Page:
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'Swedes have been farmers. We want the surroundings to function first, then we look at the design. Make it simple, we say. We do not have a ruck-sack with all the history of the Renaissance period.'

Rocking Horse by Hanses

Rocking Duck by Dahlström

Rocking Rabbit by Dahlström

From top The different approaches between Hanses and graphic design-based Dahlström are illustrated here by their designs. Hanses' Rocking Horse (4) is like his Streamliner: an absence of details, leaving it to one's imagination. Dahlström, however, adds more ornaments. 5 His Rocking Duck resembles a duck more closely, as does his Rocking Rabbit (6). The rocking toys shown are Kr 688. Below, 7 Playsam's tribute to another classic Swedish design item, the 1952 Saab by Sixten Sason. At Kr 1 018, it is one of the more expensive items in the Playsam range.


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   The goals of the designer and the company may be different, and it is over to Zedig to determine the brief. 'The designer must understand and accept the design profile, image, impact, or what you call it. Within this, they are free to work. Ulf Hanses and Björn Dahlström know this. New or young designers have problems understanding why this is so important.'
   It was Zedig who spotted Hanses' toys for the handicapped and realized there was talent to be tapped. Hanses had begun his design programme for handicapped children in the 1980s. 'I saw something new in his design for handicapped children and asked if he would like to make a new series of wooden toys. We showed the new line at the Nuremberg Toy Fair in 1985. A buyer from Habitat, Christine Nanty, said to me: "Mr Zedig, these are not toys for children, these are executive toys."'
   He continues discussing Hanses' inspiration. 'Someone said, "I have always been a believer in the value of a good daydream." I think Ulf Hanses, in his childhood, was a daydreamer (I was, too). He has kept it that way. Daydreams are an important part of his life. The great architect [and designer] Raymond Loewy is Ulf's idol.'
   The approach of Dahlström is very different. 'Björn Dahlström started as an art director and graphic designer. You can see that very clearly if you look at the Rocking Rabbit and Duck. They have faces and an individual look. The Rabbit has ears, cheeks, teeth, eyes and tail. The Rocking Horse made by Ulf Hanses has nothing visual. It is simple, too simple for small children. The Rabbit is the best seller, but the Horse is most often pictured in magazines.'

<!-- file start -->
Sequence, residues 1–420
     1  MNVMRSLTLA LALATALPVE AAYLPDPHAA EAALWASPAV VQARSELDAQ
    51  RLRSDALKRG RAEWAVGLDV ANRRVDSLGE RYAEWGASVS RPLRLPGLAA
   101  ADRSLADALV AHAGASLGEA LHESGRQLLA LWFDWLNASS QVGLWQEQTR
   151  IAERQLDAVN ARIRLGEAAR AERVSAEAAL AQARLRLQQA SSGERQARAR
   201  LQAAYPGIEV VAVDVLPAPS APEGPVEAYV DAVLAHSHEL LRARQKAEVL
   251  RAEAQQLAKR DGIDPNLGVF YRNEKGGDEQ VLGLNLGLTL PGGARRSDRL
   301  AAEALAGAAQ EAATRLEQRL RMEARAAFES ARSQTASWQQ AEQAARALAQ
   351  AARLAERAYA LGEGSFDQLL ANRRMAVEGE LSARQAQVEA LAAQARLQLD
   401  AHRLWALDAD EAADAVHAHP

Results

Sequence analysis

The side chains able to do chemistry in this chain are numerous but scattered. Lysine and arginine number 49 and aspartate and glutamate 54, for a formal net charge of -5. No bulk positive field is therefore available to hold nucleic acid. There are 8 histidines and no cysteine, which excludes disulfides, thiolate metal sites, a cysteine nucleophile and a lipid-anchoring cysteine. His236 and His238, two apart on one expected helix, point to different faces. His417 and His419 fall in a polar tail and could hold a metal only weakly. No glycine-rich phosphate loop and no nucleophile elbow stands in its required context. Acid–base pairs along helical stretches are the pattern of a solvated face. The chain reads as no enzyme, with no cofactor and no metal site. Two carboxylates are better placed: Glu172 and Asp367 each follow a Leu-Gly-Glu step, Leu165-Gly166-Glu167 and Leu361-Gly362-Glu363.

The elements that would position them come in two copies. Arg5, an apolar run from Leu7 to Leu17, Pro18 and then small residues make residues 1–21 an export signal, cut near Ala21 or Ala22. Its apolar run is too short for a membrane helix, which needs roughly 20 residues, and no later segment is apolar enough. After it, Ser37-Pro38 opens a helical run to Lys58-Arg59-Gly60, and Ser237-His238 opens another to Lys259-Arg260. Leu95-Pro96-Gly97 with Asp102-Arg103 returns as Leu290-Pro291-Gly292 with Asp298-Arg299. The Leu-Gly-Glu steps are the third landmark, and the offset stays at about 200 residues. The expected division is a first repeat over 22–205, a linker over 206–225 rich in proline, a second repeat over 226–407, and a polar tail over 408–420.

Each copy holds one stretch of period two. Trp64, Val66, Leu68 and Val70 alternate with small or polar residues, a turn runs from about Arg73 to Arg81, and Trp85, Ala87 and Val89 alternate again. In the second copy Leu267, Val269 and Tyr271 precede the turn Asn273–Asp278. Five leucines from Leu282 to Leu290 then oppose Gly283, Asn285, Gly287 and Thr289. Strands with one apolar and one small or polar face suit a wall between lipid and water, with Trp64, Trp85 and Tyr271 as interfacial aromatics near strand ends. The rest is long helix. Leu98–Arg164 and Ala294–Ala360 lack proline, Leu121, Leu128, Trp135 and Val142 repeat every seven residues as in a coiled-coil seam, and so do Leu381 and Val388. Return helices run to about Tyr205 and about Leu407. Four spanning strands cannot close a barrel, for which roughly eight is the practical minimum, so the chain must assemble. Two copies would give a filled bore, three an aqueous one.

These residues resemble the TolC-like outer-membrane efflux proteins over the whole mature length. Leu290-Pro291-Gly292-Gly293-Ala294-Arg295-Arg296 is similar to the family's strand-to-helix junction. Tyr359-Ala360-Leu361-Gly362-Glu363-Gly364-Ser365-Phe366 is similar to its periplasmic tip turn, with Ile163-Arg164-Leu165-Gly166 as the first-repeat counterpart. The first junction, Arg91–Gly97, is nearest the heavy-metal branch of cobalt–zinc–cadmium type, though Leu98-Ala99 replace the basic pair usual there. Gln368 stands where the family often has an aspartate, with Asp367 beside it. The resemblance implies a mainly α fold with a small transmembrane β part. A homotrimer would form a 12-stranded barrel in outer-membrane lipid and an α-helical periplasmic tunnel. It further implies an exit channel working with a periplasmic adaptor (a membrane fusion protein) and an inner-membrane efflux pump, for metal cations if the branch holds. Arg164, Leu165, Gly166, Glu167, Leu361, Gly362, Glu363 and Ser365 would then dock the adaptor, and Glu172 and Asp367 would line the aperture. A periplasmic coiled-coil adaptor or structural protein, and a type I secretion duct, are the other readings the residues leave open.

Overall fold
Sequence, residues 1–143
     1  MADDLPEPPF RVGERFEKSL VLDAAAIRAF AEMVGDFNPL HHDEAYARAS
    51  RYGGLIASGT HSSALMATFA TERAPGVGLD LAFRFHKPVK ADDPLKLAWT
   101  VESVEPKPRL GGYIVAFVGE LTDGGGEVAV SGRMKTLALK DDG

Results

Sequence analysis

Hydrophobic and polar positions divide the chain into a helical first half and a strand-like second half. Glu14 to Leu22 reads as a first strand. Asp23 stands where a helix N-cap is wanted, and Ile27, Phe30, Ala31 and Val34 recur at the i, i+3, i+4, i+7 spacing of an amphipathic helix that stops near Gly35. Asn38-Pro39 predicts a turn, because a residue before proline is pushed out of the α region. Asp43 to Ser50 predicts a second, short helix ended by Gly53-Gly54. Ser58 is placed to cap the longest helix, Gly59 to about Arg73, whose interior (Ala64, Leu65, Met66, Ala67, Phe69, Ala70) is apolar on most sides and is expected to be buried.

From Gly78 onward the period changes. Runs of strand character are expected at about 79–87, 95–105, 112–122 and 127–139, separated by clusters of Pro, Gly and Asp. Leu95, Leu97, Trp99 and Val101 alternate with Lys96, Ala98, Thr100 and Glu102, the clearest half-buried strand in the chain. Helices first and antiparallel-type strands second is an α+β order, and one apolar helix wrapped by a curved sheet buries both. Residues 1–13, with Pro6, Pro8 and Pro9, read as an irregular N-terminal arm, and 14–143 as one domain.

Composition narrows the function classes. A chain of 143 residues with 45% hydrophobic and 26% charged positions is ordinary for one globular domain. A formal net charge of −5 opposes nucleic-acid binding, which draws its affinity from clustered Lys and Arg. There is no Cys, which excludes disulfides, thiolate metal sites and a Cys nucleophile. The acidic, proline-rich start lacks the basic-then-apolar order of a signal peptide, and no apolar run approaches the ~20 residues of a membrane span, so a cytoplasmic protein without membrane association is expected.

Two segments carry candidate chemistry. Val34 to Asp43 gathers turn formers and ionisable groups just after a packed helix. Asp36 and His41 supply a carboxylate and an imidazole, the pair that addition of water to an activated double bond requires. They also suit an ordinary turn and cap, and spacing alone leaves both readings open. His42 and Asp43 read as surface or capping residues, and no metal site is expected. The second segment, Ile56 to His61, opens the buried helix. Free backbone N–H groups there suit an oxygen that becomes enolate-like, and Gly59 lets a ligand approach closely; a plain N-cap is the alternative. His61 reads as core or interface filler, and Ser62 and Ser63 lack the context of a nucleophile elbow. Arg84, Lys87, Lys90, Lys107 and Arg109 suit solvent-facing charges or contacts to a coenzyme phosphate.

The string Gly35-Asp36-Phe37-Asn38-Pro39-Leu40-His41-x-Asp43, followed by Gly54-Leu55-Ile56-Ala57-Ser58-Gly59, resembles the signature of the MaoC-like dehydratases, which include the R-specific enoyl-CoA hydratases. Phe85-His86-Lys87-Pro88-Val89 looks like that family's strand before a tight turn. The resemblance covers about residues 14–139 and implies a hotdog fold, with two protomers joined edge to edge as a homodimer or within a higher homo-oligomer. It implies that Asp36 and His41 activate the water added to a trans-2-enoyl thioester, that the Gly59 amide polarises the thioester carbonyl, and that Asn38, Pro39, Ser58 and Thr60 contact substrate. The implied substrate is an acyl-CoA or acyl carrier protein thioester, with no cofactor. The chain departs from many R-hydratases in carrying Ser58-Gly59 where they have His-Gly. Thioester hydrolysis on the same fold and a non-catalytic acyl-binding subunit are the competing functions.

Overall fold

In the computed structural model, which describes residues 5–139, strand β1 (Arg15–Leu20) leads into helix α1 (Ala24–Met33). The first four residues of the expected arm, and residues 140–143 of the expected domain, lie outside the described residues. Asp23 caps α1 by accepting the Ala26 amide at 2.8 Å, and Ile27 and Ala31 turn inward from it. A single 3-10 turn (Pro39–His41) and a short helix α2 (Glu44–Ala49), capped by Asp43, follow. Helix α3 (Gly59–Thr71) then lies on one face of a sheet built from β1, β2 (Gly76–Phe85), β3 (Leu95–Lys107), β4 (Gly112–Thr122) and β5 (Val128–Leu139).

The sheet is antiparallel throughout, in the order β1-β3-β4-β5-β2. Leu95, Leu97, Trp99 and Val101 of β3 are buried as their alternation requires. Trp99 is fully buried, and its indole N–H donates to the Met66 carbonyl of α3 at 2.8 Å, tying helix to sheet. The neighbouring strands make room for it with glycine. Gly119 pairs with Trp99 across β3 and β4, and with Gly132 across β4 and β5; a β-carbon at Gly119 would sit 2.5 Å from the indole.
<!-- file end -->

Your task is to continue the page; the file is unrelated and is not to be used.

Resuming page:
Most notably, Playsam's Streamliner car was chosen last year as one of Sweden's classic design items. There is an aura of timelessness about it. 'It was made in 1984, but is very modern, stiil, and will last for many years.' Writer Susanna Skarrie Wirtén wrote of the Streamliner, 'The Streamliner was originally drawn for children, but soon became the darling of all design enthusiasts.'
   When asked about the uniqueness of Swedish design, Zedig is frank. 'Swedes have been farmers. We want the surroundings to function first, then we look at the design. Make it simple, we say. We do not have a ruck-sack with all the history of the Renaissance period.'
   Indeed, it was the last 100 years that saw a Swedish design culture emerge in full. Late last century, Swedes were already making a name for themselves in furniture, with an emphasis on simplicity of form and light colours. The Swedish design movement was strongly influenced by the Bauhaus, and unlike the Germans, Swedes were able to carry on this democratization of design through the 1930s and 1940s.
   A well-known example of Swedish industrial design is the Saab saloon, designed in 1952 by Sixten Sason. It is still regarded as a classic, with its streamlined lines. Playsam has its own version, simplified further, paying tribute in its own way.
   The future will see Playsam create new products, all capturing the simplicity and function which have made the brand famous. Zedig recalls the design process: 'Sometimes Ulf and I have long chats on the phone. We live 600 km from each other. Our conversations can last for hours. I can hear the sound of a drawing pencil as our chats go from subject to subject.' It is this quest for simplicity and function which has brought us the Streamliner. There is little doubt that other classic products will emerge from the countless sketches, coupled with Sweden's unique design culture. Jack Yan

Jack Yan is editorial director of CAP.

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